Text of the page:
With just days until the Nov. 2 election, creating jobs continues to rank as the No. 1 issue in Illinois. But how will Chicago and Illinois specifically generate the hundreds of thousands of new jobs needed to propel us forward? And what are the major political candidates proposing in terms of innovative approaches and programs to spur jobs for the 671,000 people in Illinois who were unemployed as of August? Voters will need answers to those questions before Election Day - and then base their ballot-box choices on the candidates' answers.
For instance, what are the candidates advocating for the clean-energy industry - a prime area for new, high-paying jobs and investment in Illinois? The Political Economy Research Institute at the University of Massachusetts-Amherst estimates that Illinois could gain 70,000 jobs and see a net increase of about $6.6 billion in investment revenue based on its share of clean-energy investments annually across the country.
Indeed, with its strong attributes in the clean-energy area, why shouldn't Chicago and Illinois become the Midwest's centers of renewable energy technology and investment? Are any of the candidates pushing that objective? One fledgling non-profit organization - the Clean Energy Trust - wants to achieve that goal.
This group of influential "green" business leaders and the Chicagoland Chamber of Commerce are identifying promising entrepreneurs and scientists working on clean-energy projects in a variety of clean-tech sectors. Already, it has raised more than $2.5 million in cash and in-kind services to help as seed money. That initiative promises to spur new jobs in clean technology - from renewable energy, next-generation transportation, the smart grid electrical-transmission system and energy efficiency programs, among others. For every $1 million in spending, clean-energy investments create 16.7 jobs, while spending on fossil fuels, by contrast, generates only 6.3 jobs, estimates the Political Economy Research Institute.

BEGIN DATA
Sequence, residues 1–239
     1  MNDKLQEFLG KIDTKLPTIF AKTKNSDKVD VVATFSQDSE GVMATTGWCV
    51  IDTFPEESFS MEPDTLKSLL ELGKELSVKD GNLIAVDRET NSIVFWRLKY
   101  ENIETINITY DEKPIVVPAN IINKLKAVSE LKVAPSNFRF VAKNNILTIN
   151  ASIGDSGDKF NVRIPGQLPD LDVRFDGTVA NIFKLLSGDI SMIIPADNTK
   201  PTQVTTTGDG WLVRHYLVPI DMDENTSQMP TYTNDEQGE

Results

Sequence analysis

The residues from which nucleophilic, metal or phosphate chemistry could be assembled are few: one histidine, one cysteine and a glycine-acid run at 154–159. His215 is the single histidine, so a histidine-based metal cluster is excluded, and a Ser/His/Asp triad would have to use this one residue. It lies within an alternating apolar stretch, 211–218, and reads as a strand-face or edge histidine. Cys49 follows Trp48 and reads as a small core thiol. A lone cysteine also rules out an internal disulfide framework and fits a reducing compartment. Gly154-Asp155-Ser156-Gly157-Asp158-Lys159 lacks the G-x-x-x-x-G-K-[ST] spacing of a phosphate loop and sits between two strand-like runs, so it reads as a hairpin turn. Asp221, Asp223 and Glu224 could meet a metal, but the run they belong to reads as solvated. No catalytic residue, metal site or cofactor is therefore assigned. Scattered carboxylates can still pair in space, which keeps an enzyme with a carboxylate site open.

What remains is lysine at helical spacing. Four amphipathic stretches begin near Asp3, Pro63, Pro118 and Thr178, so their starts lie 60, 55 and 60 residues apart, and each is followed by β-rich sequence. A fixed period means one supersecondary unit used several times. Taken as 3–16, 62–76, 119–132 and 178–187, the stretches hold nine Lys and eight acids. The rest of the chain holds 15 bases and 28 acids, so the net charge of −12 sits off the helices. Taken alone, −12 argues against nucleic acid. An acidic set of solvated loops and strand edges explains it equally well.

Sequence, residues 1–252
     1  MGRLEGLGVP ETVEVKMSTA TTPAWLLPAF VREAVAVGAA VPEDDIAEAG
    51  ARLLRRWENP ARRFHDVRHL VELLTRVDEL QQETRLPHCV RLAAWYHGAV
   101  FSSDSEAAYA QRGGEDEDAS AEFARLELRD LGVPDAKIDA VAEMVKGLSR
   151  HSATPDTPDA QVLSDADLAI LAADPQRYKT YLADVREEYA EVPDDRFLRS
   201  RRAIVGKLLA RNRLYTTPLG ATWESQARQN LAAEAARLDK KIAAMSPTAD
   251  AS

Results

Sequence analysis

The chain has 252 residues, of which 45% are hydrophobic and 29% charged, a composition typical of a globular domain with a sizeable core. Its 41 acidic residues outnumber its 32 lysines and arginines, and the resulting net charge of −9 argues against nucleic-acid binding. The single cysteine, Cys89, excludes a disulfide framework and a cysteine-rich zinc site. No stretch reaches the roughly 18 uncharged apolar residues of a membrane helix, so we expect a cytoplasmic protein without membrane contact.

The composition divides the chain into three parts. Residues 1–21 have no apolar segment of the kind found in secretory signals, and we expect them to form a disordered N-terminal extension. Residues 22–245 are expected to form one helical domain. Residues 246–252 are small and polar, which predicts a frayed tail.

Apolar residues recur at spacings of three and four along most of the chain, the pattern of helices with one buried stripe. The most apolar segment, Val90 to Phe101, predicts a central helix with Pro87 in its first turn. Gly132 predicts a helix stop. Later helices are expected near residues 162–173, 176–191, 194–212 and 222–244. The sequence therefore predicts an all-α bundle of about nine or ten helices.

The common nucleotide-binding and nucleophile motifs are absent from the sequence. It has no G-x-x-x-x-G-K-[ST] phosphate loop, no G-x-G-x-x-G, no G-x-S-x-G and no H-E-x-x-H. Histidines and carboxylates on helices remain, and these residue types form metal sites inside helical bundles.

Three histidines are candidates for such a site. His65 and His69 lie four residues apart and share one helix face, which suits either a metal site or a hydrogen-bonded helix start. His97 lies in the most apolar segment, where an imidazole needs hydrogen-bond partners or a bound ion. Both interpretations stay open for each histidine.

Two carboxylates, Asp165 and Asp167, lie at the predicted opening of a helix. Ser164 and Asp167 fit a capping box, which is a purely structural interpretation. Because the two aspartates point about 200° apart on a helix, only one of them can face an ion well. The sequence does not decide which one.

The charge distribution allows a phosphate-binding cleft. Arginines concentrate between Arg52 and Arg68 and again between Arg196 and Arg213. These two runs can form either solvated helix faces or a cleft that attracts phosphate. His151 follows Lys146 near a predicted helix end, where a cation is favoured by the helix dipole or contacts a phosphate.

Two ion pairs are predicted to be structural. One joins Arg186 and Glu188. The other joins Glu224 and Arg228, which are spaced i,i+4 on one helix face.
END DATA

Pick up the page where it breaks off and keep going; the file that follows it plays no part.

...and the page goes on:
Consider what wind-energy projects alone contribute to creating jobs. Illinois had 22 such projects as of July 20, 2010, ranking 6th in the U.S. in existing electrical capacity of more than 1,800 megawatts. They generate jobs for construction, electrical work, steel workers, riggers, truck drivers and the like. A recent Illinois State University study found that in Illinois, each new wind-turbine project generates 1,473 new jobs during construction.
Illinois State University Economics Professor Dave Loomis cites the state's good wind resources and relatively unconstrained transmission potential. He also says Illinois' Renewable Portfolio Standard has stimulated wind-energy projects. That standard, cleared by state lawmakers, requires utilities to buy one-quarter of their electric generation from renewable-energy sources, such as wind farms, by 2025.
As for clean energy, wind produces no emissions and consumes no water. Additionally, wind-energy generation doesn't consume any non-renewable resources, such as oil, natural gas or coal. Wind is free and, with today's technology advances, it can be captured efficiently, at one-quarter the cost of solar power. In addition, the U.S. has enough wind resources to generate electricity for every home and business in the nation.
Besides, strong consumer support exists for wind. An October 2010 survey by Rasmussen Reports, found that 58 percent of U.S. voters think finding new sources of energy is more important than reducing the amount of energy Americans now consume. Politicians are taking heed and at the state-level are putting structure in place to encourage renewable energy growth. Just like Illinois, more than half of the states and the District of Columbia have passed a renewable-energy standard.
Still, Illinois' clean-energy jobs future will be even more promising if Congress passes its own National Renewable Electricity Standard. The House already has passed such a measure but it has languished in the Senate.
Certainly, other major job-creation initiatives are being advanced. But renewable energy constitutes such a promising area that it serves as a good starting point to judge Illinois' political candidates. It's up to Illinois voters to insist that the candidates, before Election Day, be as specific as possible about how they would create new jobs for the state. As a starting point, let's ask them how they would spark clean-energy jobs.
Andris (Andy) E. Cukurs is chief executive of the North American operations of India-based Suzlon Energy Ltd., the world's third-largest wind turbine manufacturer.